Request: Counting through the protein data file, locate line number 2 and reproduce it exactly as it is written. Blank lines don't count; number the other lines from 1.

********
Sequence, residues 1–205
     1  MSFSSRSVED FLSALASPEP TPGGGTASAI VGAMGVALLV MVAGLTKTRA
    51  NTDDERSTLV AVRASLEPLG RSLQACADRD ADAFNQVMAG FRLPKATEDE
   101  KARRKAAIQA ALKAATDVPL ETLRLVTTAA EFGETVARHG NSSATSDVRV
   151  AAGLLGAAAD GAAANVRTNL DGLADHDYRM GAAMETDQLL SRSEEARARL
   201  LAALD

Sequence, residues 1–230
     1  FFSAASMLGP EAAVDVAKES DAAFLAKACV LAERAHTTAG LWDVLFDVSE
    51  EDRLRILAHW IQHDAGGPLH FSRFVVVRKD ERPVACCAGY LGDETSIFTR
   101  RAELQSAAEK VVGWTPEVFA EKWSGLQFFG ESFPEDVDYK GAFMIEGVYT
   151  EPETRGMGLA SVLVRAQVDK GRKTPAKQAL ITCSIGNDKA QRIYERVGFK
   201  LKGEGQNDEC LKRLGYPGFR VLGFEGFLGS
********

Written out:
     1  MSFSSRSVED FLSALASPEP TPGGGTASAI VGAMGVALLV MVAGLTKTRA